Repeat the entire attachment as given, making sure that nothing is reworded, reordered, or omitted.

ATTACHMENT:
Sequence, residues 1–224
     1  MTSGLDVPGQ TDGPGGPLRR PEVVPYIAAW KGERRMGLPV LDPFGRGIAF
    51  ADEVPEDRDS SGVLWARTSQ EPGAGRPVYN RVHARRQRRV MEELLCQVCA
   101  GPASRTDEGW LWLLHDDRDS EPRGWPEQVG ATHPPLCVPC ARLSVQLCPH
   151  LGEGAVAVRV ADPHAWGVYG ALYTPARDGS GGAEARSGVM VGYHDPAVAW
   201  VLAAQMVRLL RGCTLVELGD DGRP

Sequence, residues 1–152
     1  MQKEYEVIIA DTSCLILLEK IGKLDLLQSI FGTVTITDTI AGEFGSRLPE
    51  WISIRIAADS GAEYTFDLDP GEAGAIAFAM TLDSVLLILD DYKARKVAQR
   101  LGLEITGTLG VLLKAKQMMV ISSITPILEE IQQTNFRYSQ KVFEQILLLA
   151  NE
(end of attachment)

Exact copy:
Sequence, residues 1–224
     1  MTSGLDVPGQ TDGPGGPLRR PEVVPYIAAW KGERRMGLPV LDPFGRGIAF
    51  ADEVPEDRDS SGVLWARTSQ EPGAGRPVYN RVHARRQRRV MEELLCQVCA
   101  GPASRTDEGW LWLLHDDRDS EPRGWPEQVG ATHPPLCVPC ARLSVQLCPH
   151  LGEGAVAVRV ADPHAWGVYG ALYTPARDGS GGAEARSGVM VGYHDPAVAW
   201  VLAAQMVRLL RGCTLVELGD DGRP

Sequence, residues 1–152
     1  MQKEYEVIIA DTSCLILLEK IGKLDLLQSI FGTVTITDTI AGEFGSRLPE
    51  WISIRIAADS GAEYTFDLDP GEAGAIAFAM TLDSVLLILD DYKARKVAQR
   101  LGLEITGTLG VLLKAKQMMV ISSITPILEE IQQTNFRYSQ KVFEQILLLA
   151  NE